And in Europe the bezants served in all important payments where gold passed hands. Either because of respect for the authority of the Eastern Empire, as Del Mar believes, or because of the prestige of the Byzantine gold and the profusion with which it was minted, the European princes and feudal lords never minted gold on their own account. In England, for instance, we learn from the exchequer rolls of the Middle Ages, payments in bezants were the ordinary thing where gold was used. (Groseclose, Money and Man, p. 50).

The main competition to the BEZANT was the Arabic DINAR. Dinar is translated as PENNY in the English Bible. Dinar comes from the old Roman word denarius which was current money during the time of pagan Rome.

Emperor Justinian's gold bezant or solidis.
The Arabic DINAR was the main competition for the bezant until 1202.
Arabic DINAR.

The bezant was HONEST money and accepted worldwide.

After the Fourth Crusade, Genoa, Venice and Florence began issuing their own money and the bezant began a steady decline until its demise in 1453. If not for the Discovery of the New World and the blessed Reformation, the Arabic dinar would have become the universal currency centuries ago!!

The 4th Crusade of 1202 greatly weakened New Rome!!

The Crusades were launched for 2 main reasons:

Massacre the Muslim Arabs for making peace with Constantinople.
Annex the Eastern Roman Empire to the Latin West.

After the disastrous defeat following the siege of Constantinople by Caliph Muawiyah I (674–679), the Arabs developed a healthy respect for the fighting abilities of the Eastern Romans . . . and Greek Fire.

Both religions developed a healthy respect for each other and actually lived in peace:

In the middle of the eleventh century the tranquility of the east Mediterranean world seemed assured for many years to come. Its two great powers, Byzantium and Fatimid Egypt, were on good terms with each other. Neither was aggressive; both wished to keep in check the Moslem states further to the east, where adventurers from Turkestan were stirring up trouble, which as yet did not seem serious. The Fatimids showed goodwill towards the local Christians and welcomed merchants and pilgrims from the West; and this goodwill was guaranteed by the power of Byzantium. (Runciman, The First Crusade, p. 23).

This friendship with Constantinople by the Arabs was anathema to Old Rome because the Arab conquests had been financed by Old Rome at tremendous cost and now they were on friendly terms with the very enemy they were supposed to destroy!!

We see the same situation happening today with the Pentagon Crusaders destroying Iraq because of its friendship with Russia!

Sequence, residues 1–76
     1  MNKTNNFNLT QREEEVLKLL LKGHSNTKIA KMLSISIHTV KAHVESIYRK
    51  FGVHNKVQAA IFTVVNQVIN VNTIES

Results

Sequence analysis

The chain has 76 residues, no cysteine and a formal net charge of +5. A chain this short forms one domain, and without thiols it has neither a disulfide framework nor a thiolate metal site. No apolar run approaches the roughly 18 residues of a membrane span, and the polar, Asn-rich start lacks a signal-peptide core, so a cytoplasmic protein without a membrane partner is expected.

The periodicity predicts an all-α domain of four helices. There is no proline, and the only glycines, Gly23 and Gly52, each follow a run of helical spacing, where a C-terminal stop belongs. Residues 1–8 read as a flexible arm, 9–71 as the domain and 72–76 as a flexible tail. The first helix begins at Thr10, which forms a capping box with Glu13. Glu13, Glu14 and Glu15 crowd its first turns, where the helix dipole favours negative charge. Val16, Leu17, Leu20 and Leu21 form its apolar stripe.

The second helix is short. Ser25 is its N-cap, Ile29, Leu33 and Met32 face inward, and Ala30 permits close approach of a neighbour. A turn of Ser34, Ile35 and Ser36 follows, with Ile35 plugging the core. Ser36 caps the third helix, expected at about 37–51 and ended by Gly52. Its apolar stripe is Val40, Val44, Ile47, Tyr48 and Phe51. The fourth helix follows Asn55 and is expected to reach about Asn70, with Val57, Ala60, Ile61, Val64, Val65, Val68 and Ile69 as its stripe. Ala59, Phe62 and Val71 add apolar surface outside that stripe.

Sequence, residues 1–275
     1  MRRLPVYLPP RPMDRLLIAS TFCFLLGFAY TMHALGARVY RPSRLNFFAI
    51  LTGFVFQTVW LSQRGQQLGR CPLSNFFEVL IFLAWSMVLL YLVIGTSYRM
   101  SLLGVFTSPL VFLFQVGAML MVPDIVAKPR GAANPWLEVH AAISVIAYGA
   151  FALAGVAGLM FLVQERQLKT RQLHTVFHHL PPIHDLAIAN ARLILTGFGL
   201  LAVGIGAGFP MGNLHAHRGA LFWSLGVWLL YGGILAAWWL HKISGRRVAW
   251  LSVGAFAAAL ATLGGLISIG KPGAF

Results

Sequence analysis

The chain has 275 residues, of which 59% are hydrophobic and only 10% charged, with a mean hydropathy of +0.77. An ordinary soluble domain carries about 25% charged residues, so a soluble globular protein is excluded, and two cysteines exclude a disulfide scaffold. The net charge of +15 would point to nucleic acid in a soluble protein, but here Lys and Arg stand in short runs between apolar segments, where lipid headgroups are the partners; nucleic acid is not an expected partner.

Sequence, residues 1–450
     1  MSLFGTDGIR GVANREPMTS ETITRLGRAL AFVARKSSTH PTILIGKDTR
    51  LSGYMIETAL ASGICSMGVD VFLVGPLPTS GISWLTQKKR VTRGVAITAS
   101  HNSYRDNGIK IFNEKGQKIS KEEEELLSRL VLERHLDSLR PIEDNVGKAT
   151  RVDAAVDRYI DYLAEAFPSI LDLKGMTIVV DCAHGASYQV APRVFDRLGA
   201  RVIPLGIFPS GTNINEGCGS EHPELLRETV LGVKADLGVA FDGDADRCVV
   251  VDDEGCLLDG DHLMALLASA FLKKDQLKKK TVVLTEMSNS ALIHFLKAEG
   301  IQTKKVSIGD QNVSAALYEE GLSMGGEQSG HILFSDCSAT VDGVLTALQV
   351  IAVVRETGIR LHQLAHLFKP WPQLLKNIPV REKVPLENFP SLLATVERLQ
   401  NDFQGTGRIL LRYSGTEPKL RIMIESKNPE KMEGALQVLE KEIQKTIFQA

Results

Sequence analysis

Pope Innocent III (1160 -1216).
Pope Innocent III (1160–1216).
Reigned from 1198 to 1216.

Pope Innocent III launched the Fourth Crusade in 1202, which saw the conquest and occupation of Constantinople by the Latins.

The Latin empire that was established by the Crusaders fell apart in 1261.


Sack of Constantinople by the Crusaders.
Sack of Constantinople by the Crusaders.

Constantinople survived the 60 year occupation of the city but was greatly weakened as a result:

When Constantinople was captured by the Crusaders and Venetians it was adorned with the accumulated wealth of centuries and decorated with art treasures for which not only Greece but the whole Roman Empire had been ransacked. When the city was recaptured by the Greeks it was a desolation. Houses, churches, and monasteries were in ruins; whole quarters were deserted. Heaps of rubbish marked where extensive fires had consumed houses which no one cared to rebuild. The imperial palace itself was in so disorderly and filthy a condition that it was sometime before it could be occupied. In place of a large population of the most educated and highly civilised people in Europe, was a miserably small number of Greeks who had been reduced to poverty with a number of foreign and principally French colonists. While the foreign captors had plundered the city and carried off the bronze horses of Lysippus and innumerable other objects of art and value to Western Europe, they and their successors during the fifty-eight years of occupation had, in their contemptuous ignorance of the art of a conquered people, destroyed probably more than had been taken away as plunder. (Pears, The Destruction of the Greek Empire and the Story of the Capture of Constantinople by the Turks, p. 22).